Spanish for 100. Hailing from Seattle, this spry quartet plays something analogous
to Fugazi tackling the Merle Haggard songbook. Fractured, intense and somehow melodic,
this is country-tinged rock of an unusual breed, like Wilco if Tweedy wasn’t always
intent on making an artistic statement. Check out “Sangria” and “Quick as a Shutter”
for some adrenaline-charged, hick-infused post-punk, complete with an authentic
drawl. – Darryl Smyers
hat, whiskey, wife beating country, but more of a tight levis and button up shirt-wearing,
Wilco worshipping, Pabst-because-it’s-ironically-redneck country. These guys seem
a little too upbeat to be from the dour climes of Seattle, but I could definitely
see them rocking their Americana in Kansas.
play the Crocodile Cafe on Wednesday to kick off the club’s 15th anniversary celebration
(more on that next week) (9 p.m.; free). Spanish for 100 releases “Metric” nationally
this month and plays the High Dive on Saturday to celebrate.
EP, Metric. Rocking right from the bat with the infectious, neo-Superchunk-esque
“Go Away, Come Home,” this record sets its tone quickly and makes for excellent
listening. Slower “Jungle With Lions” is a bit longer than it needs to be (though
it’s good, catchy rock nonetheless), but guitar-soaked “Fell A Bird” and the two
massive parts to “Golden Days” make up for any drag. A live version of “See Now”
is thrown in as a bonus, driving the Awesome Badge’s pin even further into Spanish
For 100’s ribbon-ridden lapel. 85% Fun Fact: “Ciento” is Spanish for 100. Matt Shimmer
all about. Last Friday at the Tornado Club’s Corral Room, they waited for hours
as Seattle’s Spanish for 100 galloped through their complex, earnest originals,
and well-rehearsed post-punkers the Danger presented an artful performance steeped
in the glory days of Joy Division, the Cure and the Buzzcocks…”
play Americana. There is something of a roots flavor here, but we’re talking about
contemplative indie rock. Put it all together, and you’ve got a fine combination.
Reminds me a bit of Eleventh Dream Day, a band whose myriad sounds confounded any
attempt to become popular. Spanish for 100 has a bit of luck, as the last 15 years
have proven EDD prophetic. Only five songs here, but each is well worth hearing
over and over again. This is the sort of date that must lead to another.
Uncle Tupelo. How could we not? We live in the Midwest. So it’s safe to say that
when a band comes along and is described to us as being similar to Doug Martsch
and Jay Ferrar on a road trip we would be equal parts excited and hesitant. We first
saw Spanish For 100 at Schuba’s a few years ago when they opened for some crazy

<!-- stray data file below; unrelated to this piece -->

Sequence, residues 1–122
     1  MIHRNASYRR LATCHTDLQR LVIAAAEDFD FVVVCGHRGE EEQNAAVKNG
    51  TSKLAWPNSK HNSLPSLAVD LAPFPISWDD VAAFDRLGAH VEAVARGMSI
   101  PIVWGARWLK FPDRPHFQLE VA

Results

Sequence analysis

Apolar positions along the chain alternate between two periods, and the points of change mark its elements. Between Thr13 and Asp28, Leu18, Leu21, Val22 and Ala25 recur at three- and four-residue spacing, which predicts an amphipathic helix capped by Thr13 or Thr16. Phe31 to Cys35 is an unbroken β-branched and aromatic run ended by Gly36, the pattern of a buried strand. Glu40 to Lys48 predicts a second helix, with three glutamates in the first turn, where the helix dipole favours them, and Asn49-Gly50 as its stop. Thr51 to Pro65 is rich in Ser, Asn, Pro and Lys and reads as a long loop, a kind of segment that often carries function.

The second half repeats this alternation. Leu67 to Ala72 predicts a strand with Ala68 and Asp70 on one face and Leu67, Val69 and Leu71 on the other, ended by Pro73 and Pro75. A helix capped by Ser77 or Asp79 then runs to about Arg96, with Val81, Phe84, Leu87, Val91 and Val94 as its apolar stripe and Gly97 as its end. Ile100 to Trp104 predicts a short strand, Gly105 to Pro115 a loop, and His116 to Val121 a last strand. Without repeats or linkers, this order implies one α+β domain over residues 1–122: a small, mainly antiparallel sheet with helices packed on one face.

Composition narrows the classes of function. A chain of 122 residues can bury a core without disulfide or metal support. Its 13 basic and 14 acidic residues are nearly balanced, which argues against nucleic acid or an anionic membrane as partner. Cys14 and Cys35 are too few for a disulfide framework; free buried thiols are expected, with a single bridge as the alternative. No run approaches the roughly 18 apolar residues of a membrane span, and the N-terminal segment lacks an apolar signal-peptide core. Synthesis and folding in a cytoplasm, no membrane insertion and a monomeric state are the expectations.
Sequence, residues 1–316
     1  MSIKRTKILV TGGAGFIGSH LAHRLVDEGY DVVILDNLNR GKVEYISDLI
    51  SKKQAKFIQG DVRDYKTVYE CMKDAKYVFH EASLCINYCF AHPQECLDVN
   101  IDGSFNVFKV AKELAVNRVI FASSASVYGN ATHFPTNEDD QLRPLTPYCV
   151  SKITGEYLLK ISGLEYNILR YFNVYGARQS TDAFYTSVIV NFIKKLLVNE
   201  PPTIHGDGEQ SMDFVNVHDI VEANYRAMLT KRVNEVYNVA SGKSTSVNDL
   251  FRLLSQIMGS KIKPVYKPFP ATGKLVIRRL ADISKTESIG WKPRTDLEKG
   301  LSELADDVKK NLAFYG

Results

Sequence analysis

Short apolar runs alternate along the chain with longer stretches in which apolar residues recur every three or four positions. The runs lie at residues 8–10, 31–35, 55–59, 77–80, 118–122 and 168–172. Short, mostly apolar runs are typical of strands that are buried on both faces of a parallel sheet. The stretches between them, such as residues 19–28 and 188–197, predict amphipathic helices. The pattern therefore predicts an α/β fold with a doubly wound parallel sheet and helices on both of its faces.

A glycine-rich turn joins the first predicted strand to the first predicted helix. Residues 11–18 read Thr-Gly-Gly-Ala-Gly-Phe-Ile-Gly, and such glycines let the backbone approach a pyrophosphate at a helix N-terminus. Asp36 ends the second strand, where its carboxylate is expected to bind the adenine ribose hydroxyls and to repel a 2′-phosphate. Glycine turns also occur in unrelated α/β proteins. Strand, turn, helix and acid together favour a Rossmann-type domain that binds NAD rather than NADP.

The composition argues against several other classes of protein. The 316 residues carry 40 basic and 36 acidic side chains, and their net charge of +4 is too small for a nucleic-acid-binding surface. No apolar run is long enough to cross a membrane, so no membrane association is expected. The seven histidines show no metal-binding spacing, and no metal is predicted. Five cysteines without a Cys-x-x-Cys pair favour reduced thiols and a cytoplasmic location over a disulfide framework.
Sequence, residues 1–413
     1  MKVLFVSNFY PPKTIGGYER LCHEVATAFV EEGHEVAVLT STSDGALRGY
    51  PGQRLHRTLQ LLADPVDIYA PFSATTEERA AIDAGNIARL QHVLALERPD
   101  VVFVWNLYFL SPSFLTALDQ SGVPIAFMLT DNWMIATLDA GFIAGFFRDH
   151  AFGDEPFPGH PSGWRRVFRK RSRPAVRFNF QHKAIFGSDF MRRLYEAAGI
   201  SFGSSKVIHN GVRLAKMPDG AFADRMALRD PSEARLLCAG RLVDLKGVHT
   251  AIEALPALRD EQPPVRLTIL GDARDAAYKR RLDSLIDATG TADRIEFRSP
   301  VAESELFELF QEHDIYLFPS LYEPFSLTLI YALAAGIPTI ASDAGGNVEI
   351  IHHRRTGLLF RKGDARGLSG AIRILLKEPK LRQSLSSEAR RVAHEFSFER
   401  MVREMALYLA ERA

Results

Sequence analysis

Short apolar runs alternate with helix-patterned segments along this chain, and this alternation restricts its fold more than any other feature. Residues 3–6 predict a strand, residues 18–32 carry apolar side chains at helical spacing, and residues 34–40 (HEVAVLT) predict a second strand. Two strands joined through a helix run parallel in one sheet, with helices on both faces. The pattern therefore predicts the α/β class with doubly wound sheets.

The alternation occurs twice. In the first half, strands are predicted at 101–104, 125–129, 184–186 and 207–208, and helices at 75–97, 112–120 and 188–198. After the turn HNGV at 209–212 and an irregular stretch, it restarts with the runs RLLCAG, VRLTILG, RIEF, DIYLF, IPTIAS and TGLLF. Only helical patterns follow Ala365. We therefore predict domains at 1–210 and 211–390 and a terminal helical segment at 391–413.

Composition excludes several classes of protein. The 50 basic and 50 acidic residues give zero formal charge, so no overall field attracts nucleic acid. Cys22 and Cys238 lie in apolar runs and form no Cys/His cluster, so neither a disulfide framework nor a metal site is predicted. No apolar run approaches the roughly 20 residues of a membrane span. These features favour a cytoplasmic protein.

band from Norway whose lead singer kept flashing/pounding her breasts and knocking
over tables. That was awesome. What was even more awesome was how unexpectedly fresh
Spanish For 100 sounded, and it wasn’t just because they were so obviously on the
wrong bill. Lead singer Corey Passons has one of those voices that seems to perpetually
be on the verge of veering seriously off-key. Instead of dipping into tinnitus-inducing
paroxysms of misjudged octaves, his instrument instead serves to focus attention
on his phrasing. And many of his melodic choices are unexpected and fresh, which
helps to make the group’s music so compelling and enjoyable. Passons is helped in
no small measure by guitarist Aaron Starkey’s style that veers between frenetic
punctuation and dreamscape lullabies. His textures are what truly vault the songs
into a category that really does. It is also what ultimately makes a comparison
as simple as “Built To Spill meets Uncle Tupelo” seem so inaccurate since, while
the group’s sound does contain trace echoes of those influences, the pieces they’ve
crafted defy such generic descriptions. Martsch and Farrar would be ecstatic if
they could write material as fresh as the stuff on Spanish For 100’s (woefully as-yet-unreleased)
sophomore effort. Back in the ‘80s we would call a band like this “college rock”
because it just didn’t fit into any easily definable category. In subsequent years
musical genres have become so segmented that it would seem any and every group could
be simply codified. (We are sure that somewhere out there, there‘s a screamo-glitch
orch-pop group playing some dirty basement.) Tonight Spanish For 100 is in town
playing Subterranean and we bet that they will, even in our fractured times, continue
to defy easy description.
thing down. Shades of Built to Spill permeate the band’s latest EP “Metric,” which
– no surprise – was produced by Phil Ek (Built to Spill, Modest Mouse). The band
has hit the road for multiple self-promoted and self-booked national tours, spreading
its gospel of sonic guitar revelry and upbeat songwriting.
indie bands for years before deciding that “the scene” wasn’t for him. So he packed
his bags and headed west to Seattle. There he met Corey Passons and Ross McGilvary